Isomalt

Isomalt is an artificial sugar alcohol (polyol), it does not exist in nature. It has a good flavor with little after taste. It has 2.1 calories per gram, 53% of sugar but it has only 50% of the sweetness. So it is not useful as part of a calorie controlled diet, sugar is better.

It does, however, have a very low glycemic index and is consequently suitable for diabetics. It is popular in cake and confectionery making as it has properties that are desirable for producing intricate decorations, dessert garnishes and designs. It can be rolled and stretched and molded in a very versatile way.

Uses:
It is much more resistant to crystallization and more malleable than sugar and this makes it ideal for confectioners and sugar artists. Top chiefs and professionals can create impressive cake decorations and garnishes. It is usually sold as sticks that can be melted down before use.

Benefits:
It has a very low glycemic index (Only 2 - sugar is 65) and this makes it useful as part of a diabetic diet. Like all sugar alcohols it is not metabolized by bacteria in the mouth and so it does not contribute to tooth decay.

It has an excellent taste and has an appearance and texture very similar to sugar. It is heat stable and ph stable and is suitable for cooking and for processed foods. It does not absorb water and so it does not become 'sticky'. This makes it excellent as a coating for hard sweets and candies.

Concerns:
It has a laxative effect. The body treats it as a fibre, this can be beneficial but can also cause discomfort or even diarrhea, if excessive amounts are consumed. It is not a natural product, it is synthesized from sucrose. Probably best not to consume more than 20 gm per day.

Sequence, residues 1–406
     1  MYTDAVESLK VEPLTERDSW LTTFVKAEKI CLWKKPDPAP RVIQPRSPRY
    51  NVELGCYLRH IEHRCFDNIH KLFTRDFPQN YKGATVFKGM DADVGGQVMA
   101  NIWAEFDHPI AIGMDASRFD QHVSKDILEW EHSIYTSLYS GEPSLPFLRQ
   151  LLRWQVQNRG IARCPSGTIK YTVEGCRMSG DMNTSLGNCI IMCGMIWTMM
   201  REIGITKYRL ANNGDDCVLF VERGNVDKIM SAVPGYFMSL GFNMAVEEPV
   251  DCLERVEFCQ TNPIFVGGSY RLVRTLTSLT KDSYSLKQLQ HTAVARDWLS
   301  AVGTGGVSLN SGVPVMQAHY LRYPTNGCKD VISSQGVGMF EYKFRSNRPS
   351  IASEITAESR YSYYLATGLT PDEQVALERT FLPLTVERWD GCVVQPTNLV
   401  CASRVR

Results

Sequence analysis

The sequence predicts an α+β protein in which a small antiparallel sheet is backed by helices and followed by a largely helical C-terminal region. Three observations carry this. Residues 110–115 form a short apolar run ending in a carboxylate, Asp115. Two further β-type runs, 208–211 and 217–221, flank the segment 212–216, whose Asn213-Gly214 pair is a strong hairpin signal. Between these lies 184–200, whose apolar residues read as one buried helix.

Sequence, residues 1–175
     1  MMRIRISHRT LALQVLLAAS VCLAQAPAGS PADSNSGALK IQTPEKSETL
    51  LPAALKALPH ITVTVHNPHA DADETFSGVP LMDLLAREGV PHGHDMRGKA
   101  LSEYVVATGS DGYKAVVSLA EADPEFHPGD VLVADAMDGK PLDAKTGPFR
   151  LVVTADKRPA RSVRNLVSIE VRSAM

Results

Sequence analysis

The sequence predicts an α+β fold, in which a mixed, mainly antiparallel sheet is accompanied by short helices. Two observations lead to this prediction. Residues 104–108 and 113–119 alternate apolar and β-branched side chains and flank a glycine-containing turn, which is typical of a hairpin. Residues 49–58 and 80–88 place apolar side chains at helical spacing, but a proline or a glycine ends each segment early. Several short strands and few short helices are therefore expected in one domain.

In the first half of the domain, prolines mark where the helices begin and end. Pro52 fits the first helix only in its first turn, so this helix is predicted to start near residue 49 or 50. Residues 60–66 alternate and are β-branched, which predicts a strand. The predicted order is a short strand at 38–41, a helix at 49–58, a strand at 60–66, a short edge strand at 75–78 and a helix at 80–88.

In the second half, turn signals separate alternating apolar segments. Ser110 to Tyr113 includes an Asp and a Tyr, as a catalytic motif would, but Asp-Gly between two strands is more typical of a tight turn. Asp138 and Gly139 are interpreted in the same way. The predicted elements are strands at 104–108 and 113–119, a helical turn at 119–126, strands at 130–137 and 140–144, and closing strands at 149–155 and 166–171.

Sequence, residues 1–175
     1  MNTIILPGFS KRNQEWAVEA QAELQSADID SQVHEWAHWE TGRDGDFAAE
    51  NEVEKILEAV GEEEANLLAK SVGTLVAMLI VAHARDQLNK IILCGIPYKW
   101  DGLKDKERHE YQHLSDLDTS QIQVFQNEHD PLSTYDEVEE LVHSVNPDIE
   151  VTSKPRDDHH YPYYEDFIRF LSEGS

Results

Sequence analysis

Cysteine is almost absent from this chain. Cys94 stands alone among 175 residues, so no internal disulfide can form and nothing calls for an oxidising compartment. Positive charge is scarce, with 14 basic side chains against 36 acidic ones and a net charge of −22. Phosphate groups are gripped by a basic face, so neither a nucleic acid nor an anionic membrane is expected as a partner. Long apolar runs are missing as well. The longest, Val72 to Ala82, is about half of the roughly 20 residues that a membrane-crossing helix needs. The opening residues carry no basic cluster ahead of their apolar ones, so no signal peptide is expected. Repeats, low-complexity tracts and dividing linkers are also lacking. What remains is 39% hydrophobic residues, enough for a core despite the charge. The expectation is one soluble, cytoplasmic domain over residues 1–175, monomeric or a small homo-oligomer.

Tests on volunteers have showed it to be safe and even beneficial if consumed in quantities up to 30 gm per day. 
Source: National Library of Medicine See report here

Safety:
There is no guideline Acceptable Daily Intake set by the FDA, but as with all sugar alcohols they recommend moderation.

CSPI (US) Recommendation

The recommendation issued by the Center for Science in the Public Interest (US) for this substance is - CUT BACK

Production:
It is made in a two stage process from sugar. It is a man made creation, it does not exist in nature.

Sold As:
ClearCutâ„¢ Isomalt

How Expensive?
On the bulk market it is 
one of the most expensive sweeteners available.it is about 5 times the price of sugar by weight.

Isomalt Market Share:
As most sugar alcohols it has a very small market share. This represents 0.05 million tons per annum giving a share of about 0.03% or about 3000 times less than sugar.

Interesting facts:
It was discovered in the 1960s and has only recently gained popularity, due to it's unique qualities. It is used in hard candies, chewing gum, chocolates, cough drops and lozenges. It does not produce a cooling effect in the mouth, which makes it suitable as a direct substitute for sugar.

One spoon of sugar contains 16 calories. To achieve the same sweetness it would be necessary to consume almost two spoons of Isomalt which would yield 17 calories, so there is no saving at all. Consequently it is of no benefit at all as part of a calorie controlled diet. It is often mixed with high intensity sweeteners such as Asulfame K to bring the sweetness level up to that of sugar.

Approval:
It is approved for use in most countries. Approved in the EU as E953. 



Conclusions for Isomalt

No saving over sugar in terms of calories. Is useful for diabetics and it is harmless to teeth. But it can cause discomfort for some people if taken in excessive quantities. Very useful for confectioners and chefs for making showpieces.

Name Calories / Gram Sweetness Index Glycemic Index Calories / Spoon-Equiv
Isomalt 2.1 0.5 2 17

Taste: -------- Good
Aftertaste: ---- No.
Concerns: ----- Yes.




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